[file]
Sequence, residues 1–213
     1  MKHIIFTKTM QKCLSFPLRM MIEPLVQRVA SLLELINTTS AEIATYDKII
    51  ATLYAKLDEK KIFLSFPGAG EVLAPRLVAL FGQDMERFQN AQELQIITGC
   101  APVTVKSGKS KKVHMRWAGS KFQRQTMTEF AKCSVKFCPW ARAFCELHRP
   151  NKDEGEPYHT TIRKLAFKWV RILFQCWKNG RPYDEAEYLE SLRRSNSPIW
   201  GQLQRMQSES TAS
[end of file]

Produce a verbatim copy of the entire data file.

Sequence, residues 1–213
     1  MKHIIFTKTM QKCLSFPLRM MIEPLVQRVA SLLELINTTS AEIATYDKII
    51  ATLYAKLDEK KIFLSFPGAG EVLAPRLVAL FGQDMERFQN AQELQIITGC
   101  APVTVKSGKS KKVHMRWAGS KFQRQTMTEF AKCSVKFCPW ARAFCELHRP
   151  NKDEGEPYHT TIRKLAFKWV RILFQCWKNG RPYDEAEYLE SLRRSNSPIW
   201  GQLQRMQSES TAS